Selected Bengali Poetry

Presented by KAURAB

Masud Khan

An introduction to his poetry
March, 2010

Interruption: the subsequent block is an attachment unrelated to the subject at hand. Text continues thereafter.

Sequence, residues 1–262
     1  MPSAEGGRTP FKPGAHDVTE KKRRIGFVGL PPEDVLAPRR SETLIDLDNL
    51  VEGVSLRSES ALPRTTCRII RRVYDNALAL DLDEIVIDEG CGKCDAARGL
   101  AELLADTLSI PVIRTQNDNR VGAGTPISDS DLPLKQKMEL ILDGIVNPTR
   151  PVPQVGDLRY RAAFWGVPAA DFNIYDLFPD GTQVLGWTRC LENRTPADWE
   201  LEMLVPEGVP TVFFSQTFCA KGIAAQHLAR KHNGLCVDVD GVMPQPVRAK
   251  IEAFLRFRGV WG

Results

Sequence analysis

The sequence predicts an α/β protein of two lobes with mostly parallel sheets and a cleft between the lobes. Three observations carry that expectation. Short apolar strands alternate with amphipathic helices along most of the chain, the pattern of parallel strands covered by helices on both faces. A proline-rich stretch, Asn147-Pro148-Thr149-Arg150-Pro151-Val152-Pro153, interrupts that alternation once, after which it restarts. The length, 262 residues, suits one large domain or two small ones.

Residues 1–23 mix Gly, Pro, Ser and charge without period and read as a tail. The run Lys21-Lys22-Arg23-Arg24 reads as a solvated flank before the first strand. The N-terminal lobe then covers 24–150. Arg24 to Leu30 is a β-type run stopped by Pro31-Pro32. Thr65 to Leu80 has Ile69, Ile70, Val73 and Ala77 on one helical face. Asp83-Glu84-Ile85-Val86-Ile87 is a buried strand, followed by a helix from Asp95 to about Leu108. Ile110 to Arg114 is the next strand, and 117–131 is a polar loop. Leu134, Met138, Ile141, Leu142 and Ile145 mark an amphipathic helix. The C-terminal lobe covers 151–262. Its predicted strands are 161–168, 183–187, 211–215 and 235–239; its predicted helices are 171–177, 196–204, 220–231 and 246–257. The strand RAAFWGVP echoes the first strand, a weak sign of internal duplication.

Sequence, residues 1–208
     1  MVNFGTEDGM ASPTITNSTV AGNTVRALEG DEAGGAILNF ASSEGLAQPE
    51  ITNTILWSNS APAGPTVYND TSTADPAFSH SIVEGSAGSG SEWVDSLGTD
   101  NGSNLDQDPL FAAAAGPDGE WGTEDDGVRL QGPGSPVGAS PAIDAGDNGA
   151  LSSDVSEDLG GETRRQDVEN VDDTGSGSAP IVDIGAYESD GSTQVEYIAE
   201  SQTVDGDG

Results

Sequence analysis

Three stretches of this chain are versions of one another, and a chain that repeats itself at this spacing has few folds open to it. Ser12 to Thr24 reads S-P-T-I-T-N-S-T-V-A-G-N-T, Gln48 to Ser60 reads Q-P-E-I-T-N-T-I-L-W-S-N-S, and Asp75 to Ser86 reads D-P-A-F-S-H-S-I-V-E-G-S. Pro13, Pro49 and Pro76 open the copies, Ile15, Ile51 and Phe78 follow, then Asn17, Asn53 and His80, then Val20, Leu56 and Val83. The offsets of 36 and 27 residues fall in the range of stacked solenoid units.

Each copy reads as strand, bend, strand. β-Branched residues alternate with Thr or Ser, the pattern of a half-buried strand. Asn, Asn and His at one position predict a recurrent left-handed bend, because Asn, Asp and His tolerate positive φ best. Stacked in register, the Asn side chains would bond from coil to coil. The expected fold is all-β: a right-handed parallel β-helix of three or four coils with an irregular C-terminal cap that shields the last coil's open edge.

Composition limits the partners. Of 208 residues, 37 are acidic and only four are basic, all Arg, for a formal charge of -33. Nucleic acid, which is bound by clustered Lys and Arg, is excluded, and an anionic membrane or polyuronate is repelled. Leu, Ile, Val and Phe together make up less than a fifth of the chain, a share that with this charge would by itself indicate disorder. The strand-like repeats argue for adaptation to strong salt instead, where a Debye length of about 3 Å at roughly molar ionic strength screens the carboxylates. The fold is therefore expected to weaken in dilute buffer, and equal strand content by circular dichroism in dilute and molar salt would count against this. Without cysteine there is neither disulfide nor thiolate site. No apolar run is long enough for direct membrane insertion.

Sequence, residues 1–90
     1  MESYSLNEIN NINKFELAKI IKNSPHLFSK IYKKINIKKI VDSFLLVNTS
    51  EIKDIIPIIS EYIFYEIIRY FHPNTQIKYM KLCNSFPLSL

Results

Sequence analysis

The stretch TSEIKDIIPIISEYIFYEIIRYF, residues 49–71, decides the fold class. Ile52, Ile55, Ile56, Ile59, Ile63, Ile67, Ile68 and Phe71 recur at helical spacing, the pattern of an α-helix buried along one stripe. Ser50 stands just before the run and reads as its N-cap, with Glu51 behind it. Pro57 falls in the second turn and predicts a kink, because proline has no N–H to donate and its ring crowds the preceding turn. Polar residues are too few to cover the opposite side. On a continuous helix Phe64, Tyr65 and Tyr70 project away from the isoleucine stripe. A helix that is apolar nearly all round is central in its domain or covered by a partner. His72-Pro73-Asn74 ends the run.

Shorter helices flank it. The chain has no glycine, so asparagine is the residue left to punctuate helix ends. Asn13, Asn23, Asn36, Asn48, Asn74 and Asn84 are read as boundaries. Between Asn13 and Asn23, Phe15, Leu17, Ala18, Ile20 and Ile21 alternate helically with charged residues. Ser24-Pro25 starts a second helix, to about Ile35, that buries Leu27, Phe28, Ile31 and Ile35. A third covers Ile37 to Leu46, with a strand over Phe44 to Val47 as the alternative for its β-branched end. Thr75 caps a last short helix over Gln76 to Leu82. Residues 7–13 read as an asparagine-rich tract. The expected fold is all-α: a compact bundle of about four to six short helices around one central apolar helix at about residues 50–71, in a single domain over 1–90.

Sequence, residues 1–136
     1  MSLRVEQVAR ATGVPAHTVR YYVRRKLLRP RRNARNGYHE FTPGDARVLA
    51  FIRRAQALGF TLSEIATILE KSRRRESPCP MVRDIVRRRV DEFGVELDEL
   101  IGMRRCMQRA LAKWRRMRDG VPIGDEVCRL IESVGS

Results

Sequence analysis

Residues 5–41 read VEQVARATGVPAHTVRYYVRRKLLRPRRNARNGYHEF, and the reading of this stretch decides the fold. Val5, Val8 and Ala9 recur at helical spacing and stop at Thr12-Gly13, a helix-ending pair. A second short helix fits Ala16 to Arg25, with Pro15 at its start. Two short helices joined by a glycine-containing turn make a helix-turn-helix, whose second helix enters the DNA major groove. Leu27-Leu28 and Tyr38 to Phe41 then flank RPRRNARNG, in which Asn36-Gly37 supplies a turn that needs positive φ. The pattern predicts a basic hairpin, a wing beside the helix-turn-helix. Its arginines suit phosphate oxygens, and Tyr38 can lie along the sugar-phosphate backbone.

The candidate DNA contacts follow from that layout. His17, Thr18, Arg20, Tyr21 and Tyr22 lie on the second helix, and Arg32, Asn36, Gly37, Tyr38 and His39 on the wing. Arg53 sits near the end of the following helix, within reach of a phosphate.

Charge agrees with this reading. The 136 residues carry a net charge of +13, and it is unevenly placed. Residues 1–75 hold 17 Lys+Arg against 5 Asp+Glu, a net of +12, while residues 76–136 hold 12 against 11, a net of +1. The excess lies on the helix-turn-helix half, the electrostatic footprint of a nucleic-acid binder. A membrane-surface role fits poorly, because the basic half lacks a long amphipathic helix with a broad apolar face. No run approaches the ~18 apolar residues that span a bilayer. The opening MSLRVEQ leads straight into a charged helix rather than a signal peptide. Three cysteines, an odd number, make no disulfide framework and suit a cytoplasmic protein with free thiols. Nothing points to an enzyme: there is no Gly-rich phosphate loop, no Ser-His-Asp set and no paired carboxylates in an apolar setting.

Masud Khan (b. 1959) is a poet, writer, and translator who emerged as an important poet in the 1980’s, mostly supported by counter-cultural little magazines. Over the past two decades or more his poetry & essays have featured in magazines in Bangladesh, India, USA, UK, Belgium, & Canada. Sajjad Sharif writes about Masud - "the bifocal he wears partly artifies scientific outlook and partly the magical. A constant concertedness that arteries into and connects the sound & smell of nature and history, myth and modern reality, tying up the marginal with the whole, historical time and its loose ends, becomes the strongest descriptor of his work. The poetic language he uses is also multifarious - "tatsama" (sanskrit root) words are often paired up with vernacular or colonial English, a constant slippage of nouns and adjectives shining up old-fashined sentences. In the end, language sets up like trap a network of sound. A love for the epic form is another interesting character of Masud's verse - an epic, both short and prolonged, installed on the face of history & geography, producing in the end, a poetry of a timeless space that knows no political or cultural boundary." Masud Khan's poetry has appeared in a number of anthologies including Language for a New Century: Contemporary Poetry from the Middle East, Asia, and Beyond (Norton Anthology, New York/London), and Padma Megna Jamuna: Modern Poetry from Bangladesh by Foundation of SAARC Writers and Literature, New Delhi, India. He has, till date, authored three volumes of poetry: Pakhiteerthadiney (On the Day of Birds’ Pilgrimage), 1993; Nadikule Kari Bas (We Do Live by the Rivers), 2001 & Saraikhana O Harano Manush (The Inn and the Missing Men), 2006. He received the Bogra Lekhak Chakra (Bogra Writers’ Circle) Honour for Poetry in 1994. Presently a resident of Toronto, Canada, Masud Khan works as an electrical engineer.